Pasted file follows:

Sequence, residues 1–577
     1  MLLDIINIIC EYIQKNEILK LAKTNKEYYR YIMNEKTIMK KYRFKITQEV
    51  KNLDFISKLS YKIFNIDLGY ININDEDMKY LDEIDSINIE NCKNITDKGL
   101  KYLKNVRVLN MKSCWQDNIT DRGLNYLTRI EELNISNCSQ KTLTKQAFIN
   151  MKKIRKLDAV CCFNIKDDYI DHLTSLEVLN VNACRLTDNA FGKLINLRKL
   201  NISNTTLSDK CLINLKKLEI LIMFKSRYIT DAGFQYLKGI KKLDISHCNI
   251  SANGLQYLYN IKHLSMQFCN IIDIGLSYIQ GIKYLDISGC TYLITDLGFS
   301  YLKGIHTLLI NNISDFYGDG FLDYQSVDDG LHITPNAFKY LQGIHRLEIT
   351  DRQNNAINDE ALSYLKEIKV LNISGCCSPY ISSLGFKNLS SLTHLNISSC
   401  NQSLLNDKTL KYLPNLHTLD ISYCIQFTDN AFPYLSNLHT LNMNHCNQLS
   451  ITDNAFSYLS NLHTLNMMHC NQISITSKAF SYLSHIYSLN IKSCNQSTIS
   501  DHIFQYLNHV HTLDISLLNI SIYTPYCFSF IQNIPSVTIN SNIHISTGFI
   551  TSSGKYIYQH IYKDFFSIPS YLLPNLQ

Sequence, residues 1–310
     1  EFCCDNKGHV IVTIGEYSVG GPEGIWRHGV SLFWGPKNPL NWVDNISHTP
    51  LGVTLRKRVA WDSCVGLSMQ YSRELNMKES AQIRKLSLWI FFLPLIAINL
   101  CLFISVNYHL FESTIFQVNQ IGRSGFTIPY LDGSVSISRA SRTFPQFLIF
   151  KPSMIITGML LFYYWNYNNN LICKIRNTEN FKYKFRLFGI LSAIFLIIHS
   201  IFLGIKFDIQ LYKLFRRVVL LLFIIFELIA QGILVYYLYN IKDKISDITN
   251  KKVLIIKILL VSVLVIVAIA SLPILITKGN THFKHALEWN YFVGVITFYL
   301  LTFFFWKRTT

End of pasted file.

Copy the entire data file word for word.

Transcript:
Sequence, residues 1–577
     1  MLLDIINIIC EYIQKNEILK LAKTNKEYYR YIMNEKTIMK KYRFKITQEV
    51  KNLDFISKLS YKIFNIDLGY ININDEDMKY LDEIDSINIE NCKNITDKGL
   101  KYLKNVRVLN MKSCWQDNIT DRGLNYLTRI EELNISNCSQ KTLTKQAFIN
   151  MKKIRKLDAV CCFNIKDDYI DHLTSLEVLN VNACRLTDNA FGKLINLRKL
   201  NISNTTLSDK CLINLKKLEI LIMFKSRYIT DAGFQYLKGI KKLDISHCNI
   251  SANGLQYLYN IKHLSMQFCN IIDIGLSYIQ GIKYLDISGC TYLITDLGFS
   301  YLKGIHTLLI NNISDFYGDG FLDYQSVDDG LHITPNAFKY LQGIHRLEIT
   351  DRQNNAINDE ALSYLKEIKV LNISGCCSPY ISSLGFKNLS SLTHLNISSC
   401  NQSLLNDKTL KYLPNLHTLD ISYCIQFTDN AFPYLSNLHT LNMNHCNQLS
   451  ITDNAFSYLS NLHTLNMMHC NQISITSKAF SYLSHIYSLN IKSCNQSTIS
   501  DHIFQYLNHV HTLDISLLNI SIYTPYCFSF IQNIPSVTIN SNIHISTGFI
   551  TSSGKYIYQH IYKDFFSIPS YLLPNLQ

Sequence, residues 1–310
     1  EFCCDNKGHV IVTIGEYSVG GPEGIWRHGV SLFWGPKNPL NWVDNISHTP
    51  LGVTLRKRVA WDSCVGLSMQ YSRELNMKES AQIRKLSLWI FFLPLIAINL
   101  CLFISVNYHL FESTIFQVNQ IGRSGFTIPY LDGSVSISRA SRTFPQFLIF
   151  KPSMIITGML LFYYWNYNNN LICKIRNTEN FKYKFRLFGI LSAIFLIIHS
   201  IFLGIKFDIQ LYKLFRRVVL LLFIIFELIA QGILVYYLYN IKDKISDITN
   251  KKVLIIKILL VSVLVIVAIA SLPILITKGN THFKHALEWN YFVGVITFYL
   301  LTFFFWKRTT